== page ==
Third in a series of posts discussing what I expect to see in the upcoming final Draft White Flint Sector Plan, scheduled to be delivered to the Montgomery County Planning Board on June 18. These are not official Friends of White Flint positions, just my musings. This post deals with density and heights.
As discussed in the last post, White Flint is destined to be a more urban area. One of the characteristics of an urban area is that it has higher density (sometimes called higher “intensity”) than a suburban model. More people per square mile. More buildings per square mile. Sometimes taller, sometimes squat but broader, but generally more buildings.
The basic intention is to place more people within easy walking distance of the Metrorail station. The county has an enormous investment in this heavy-rail transit system, and years of experience demonstrate that transit use is heaviest when people live only five minutes away from a station. In Arlington County, for example, a nearby example of increasing density enormously, while decreasing traffic congestion, the vast majority of Metro users walk to Metro. Thus, the Board spent a great deal of time calculating exactly how far and how long a walk it would be to the Metro station. Planning staff actually walked several paths in White Flint, and determined that virtually every part of the Sector is within a ten-minute walk of the Metro. “And some of the walks are quite lovely,” reported Piera Weiss, Master Planner for the Sector.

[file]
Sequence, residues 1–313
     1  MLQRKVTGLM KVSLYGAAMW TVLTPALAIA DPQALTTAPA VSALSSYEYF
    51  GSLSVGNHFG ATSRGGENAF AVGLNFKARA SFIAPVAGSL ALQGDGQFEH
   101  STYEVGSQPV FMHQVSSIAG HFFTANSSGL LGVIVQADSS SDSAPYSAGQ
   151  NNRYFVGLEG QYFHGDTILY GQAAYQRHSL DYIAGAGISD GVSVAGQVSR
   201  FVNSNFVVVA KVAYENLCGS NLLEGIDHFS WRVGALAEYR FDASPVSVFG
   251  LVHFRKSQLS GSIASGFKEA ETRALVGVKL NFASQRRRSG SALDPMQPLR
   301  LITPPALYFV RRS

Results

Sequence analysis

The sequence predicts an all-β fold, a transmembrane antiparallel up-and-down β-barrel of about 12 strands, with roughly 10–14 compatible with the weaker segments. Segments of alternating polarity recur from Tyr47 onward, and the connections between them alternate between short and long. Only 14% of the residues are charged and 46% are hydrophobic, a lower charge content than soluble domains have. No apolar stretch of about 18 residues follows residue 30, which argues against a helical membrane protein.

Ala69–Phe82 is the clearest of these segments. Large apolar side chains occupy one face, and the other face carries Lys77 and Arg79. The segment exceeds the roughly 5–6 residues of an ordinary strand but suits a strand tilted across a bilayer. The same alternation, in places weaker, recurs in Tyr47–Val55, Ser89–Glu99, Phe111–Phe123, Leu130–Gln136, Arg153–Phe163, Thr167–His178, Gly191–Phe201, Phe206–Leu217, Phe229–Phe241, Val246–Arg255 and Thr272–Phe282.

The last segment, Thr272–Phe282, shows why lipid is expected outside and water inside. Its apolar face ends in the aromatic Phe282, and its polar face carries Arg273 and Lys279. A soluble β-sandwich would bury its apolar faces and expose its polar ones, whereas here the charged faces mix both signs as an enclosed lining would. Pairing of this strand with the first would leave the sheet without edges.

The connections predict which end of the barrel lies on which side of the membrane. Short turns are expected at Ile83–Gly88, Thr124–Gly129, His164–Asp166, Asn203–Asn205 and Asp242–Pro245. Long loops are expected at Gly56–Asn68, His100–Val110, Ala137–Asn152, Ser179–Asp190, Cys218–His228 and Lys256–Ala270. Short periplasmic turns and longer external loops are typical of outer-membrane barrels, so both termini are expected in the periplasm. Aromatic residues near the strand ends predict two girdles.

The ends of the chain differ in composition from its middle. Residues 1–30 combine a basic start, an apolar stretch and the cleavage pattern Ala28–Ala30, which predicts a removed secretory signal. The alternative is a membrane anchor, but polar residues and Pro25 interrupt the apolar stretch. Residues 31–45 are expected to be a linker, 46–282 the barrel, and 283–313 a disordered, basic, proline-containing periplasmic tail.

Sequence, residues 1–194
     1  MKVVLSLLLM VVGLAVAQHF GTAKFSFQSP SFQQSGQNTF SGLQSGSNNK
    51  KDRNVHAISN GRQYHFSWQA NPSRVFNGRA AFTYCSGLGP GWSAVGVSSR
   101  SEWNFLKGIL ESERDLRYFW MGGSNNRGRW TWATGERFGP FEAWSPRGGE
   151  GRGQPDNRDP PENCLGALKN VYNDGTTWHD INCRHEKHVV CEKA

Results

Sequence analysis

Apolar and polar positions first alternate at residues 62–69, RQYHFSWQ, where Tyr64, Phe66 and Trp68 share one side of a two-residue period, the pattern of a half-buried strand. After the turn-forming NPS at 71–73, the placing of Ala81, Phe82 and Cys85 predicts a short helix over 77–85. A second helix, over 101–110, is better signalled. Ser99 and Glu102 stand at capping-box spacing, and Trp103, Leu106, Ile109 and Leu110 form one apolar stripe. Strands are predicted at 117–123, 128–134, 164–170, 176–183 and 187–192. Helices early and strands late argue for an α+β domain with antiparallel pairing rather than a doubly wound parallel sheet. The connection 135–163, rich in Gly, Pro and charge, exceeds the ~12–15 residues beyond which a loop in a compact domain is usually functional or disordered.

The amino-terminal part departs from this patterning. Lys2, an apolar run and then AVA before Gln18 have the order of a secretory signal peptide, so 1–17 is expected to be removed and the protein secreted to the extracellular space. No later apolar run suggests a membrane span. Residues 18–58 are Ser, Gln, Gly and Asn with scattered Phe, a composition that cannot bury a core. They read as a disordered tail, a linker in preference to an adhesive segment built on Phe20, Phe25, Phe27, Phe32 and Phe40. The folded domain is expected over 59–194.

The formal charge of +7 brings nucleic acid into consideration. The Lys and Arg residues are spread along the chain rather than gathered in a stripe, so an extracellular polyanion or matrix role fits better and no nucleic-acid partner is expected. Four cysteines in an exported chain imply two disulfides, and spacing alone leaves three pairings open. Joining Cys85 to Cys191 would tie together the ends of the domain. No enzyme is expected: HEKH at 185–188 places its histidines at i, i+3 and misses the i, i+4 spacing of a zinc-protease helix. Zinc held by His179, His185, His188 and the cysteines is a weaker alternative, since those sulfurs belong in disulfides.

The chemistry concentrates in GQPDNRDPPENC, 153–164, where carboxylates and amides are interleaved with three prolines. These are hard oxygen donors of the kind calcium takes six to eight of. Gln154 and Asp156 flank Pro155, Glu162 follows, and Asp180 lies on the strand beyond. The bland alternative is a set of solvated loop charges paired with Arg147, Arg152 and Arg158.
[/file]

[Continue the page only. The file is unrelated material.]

Commissioner Jean Cryor has asked that a section be placed in the White Flint Sector Plan, right at the beginning, which says clearly: density does not equal height. This is an important distinction, especially since many observers, including Piera Weiss, remind people: in White Flint, the controversial issue is building height.
Density does not automatically translate to building heights. Density, as used in Montgomery County planning, is a combination of ways to use the land available for development. Thus a shorter, wider building can be very dense, while a narrow, tall building might not be. In addition, height decisions involve questions of sunlight and shadows on surrounding areas, aesthetics and design features, and proximity to surrounding neighborhoods.